Romans 9:5: ". . .Christ, who is over all, God blessed forever"

Who is "God blessed forever"? CHRIST WHO IS OVER ALL!

Thus according to Pauline usage, the doxology would have to refer to Christ!

4) The liberal translators have no real precedent for making “God be blessed” an independent doxology. The standard form for doxologies in both the Old and New Testaments (and in other ancient literature) is almost always “Blessed be God” not “God be blessed.” Compare 1 Kings 8:15,56; Ephesians 1:3; 2 Corinthians 1:3; 1 Peter 1:3; etc.

5) “The interpretation that refers the passage to Christ suits the structure of the sentence, whereas the interpretation that takes the words as an asyndetic (disconnected, independent) doxology to God the Father is awkward and unnatural.”6    A. T. Robertson, the distinguished grammarian, agrees: “To start a new sentence for the doxology is very abrupt and awkward.”7

6) The church Fathers were almost unanimous in understanding the passage as referring to Christ.8

7) Finally, if the evidence is so overwhelmingly in favor of referring the words “God blessed” to Christ, why do so many modern scholars want to translate it differently? Their principal argument is a real shocker! They say that nowhere else in his “genuine” epistles does Paul ever designate Christ as God: “It seems tantamount to impossible that Paul would have expressed Christ's greatness by calling him God blessed for ever.”9  Do you discern somewhat of a bias here? Apparently such unbelieving critics have never read what Paul said about Christ in Titus. 2:1310  or Colossians 2:9 or Philippians 2:6 (“equal with God”)!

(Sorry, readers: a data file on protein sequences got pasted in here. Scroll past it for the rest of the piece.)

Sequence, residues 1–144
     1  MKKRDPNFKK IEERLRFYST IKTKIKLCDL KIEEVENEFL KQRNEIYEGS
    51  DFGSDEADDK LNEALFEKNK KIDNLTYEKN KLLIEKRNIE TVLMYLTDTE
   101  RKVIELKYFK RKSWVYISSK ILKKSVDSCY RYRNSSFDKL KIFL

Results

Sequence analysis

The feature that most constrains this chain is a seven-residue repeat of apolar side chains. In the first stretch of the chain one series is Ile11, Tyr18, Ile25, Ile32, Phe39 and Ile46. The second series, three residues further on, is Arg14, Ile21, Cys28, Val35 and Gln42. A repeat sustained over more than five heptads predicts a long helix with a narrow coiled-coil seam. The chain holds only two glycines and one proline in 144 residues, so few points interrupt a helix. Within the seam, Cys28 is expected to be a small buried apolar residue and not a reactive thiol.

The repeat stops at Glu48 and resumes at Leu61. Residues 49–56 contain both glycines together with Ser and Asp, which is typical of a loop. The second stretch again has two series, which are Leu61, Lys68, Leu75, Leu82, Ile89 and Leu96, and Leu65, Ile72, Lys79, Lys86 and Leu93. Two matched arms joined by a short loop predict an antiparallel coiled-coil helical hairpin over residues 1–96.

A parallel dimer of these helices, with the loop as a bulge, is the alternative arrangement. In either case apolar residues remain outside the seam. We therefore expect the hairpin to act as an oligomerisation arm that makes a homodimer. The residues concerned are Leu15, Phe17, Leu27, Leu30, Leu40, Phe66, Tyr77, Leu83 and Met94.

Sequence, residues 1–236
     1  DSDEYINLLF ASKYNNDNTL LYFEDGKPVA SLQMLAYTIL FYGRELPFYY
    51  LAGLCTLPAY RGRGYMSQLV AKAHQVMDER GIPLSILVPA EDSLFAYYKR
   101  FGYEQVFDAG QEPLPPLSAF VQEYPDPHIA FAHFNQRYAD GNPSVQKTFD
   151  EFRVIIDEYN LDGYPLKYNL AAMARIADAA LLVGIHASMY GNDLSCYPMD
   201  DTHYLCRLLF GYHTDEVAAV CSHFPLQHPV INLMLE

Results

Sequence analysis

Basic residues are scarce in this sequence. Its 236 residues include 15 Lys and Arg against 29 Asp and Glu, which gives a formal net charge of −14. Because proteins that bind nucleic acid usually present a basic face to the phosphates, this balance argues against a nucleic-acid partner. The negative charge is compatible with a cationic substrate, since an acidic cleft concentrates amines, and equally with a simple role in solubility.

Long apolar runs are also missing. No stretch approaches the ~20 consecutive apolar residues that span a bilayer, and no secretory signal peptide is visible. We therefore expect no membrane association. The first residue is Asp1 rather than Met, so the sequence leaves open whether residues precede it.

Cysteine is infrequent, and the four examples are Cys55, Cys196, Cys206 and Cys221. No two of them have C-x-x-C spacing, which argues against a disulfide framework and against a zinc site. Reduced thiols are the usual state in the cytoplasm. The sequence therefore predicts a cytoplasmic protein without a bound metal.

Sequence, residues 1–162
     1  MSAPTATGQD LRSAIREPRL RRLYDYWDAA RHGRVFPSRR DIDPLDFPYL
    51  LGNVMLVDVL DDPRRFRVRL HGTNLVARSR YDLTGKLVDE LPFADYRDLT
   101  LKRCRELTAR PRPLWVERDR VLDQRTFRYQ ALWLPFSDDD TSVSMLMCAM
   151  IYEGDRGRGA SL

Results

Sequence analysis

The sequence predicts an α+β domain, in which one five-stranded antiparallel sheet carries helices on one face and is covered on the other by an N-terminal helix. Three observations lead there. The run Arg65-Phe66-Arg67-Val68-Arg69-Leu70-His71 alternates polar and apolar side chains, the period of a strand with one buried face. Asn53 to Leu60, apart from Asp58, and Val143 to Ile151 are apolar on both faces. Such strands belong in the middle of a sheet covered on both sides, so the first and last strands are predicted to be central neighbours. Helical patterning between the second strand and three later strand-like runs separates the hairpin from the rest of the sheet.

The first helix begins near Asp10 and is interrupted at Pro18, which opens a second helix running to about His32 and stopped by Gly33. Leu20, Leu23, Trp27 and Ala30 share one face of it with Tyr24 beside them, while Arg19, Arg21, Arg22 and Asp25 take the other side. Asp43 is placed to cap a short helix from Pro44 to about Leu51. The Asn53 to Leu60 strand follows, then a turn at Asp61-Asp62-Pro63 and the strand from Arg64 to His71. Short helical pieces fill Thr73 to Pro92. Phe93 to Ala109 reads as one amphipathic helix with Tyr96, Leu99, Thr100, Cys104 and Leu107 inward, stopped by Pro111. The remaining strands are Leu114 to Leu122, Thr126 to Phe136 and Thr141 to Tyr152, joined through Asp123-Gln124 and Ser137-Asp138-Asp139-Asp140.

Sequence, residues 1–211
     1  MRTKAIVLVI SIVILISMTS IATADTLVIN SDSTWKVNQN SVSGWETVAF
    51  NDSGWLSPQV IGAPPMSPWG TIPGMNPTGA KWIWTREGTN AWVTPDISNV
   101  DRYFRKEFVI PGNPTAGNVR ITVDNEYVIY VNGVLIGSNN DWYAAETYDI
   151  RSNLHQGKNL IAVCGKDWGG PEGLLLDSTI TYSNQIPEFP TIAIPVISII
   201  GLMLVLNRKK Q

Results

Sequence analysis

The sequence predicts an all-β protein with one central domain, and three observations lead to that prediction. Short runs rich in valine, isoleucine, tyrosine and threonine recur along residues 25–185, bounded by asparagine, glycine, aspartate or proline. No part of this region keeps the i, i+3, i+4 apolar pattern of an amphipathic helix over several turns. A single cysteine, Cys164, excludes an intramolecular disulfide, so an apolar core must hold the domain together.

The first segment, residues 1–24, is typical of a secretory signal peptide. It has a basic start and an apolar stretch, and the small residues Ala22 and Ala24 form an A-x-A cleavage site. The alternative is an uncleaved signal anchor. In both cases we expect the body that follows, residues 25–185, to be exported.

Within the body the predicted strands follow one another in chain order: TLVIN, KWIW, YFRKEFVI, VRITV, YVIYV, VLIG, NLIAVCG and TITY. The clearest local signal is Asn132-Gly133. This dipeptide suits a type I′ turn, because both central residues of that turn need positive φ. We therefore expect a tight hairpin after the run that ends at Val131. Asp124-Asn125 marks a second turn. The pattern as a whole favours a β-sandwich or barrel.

In conclusion, let me cite the words of Charles Hodge and Henry Alford who both affirm that the expression “God blessed” can only refer to Christ: “There is but one interpretation of this important passage which can, with the least regard to the rules of construction, be maintained.”11  “The rendering given above (pointing to the deity of Christ) is then not only that most agreeable to the usage of the Apostle, but the only one admissible by the rules of grammar and arrangement” (emphasis his).12

Now that we have determined the correct rendering of Romans 9:5, let's use this key verse as a criterion by which we can evaluate various Bible translations:



"God" refers to Christ


"God" refers to God the Father

Christ's Deity Declared!

"...Christ who is over all, God blessed forever!"

Incorrect Variation #1

"...Christ who is over all. God be blessed forever!"

Incorrect Variation #2

"...Christ. God who is over all be blessed forever!"

King James Bible-1611
(Authorized Version)



New American Standard Bible



The Amplified Bible



An Expanded Translation
(Kenneth Wuest)



The Christian Counselor's New Testament (Jay Adams)



The Jerusalem Bible-1966



The New King James Bible



Revised Version-1881

Revised Version Footnote13

Revised Version Footnote13

New International Version

New International Version Footnote

New International Version Footnote


The Living Bible
(Ken Taylor's Paraphrase)


Revised Standard Version


Revised Standard Version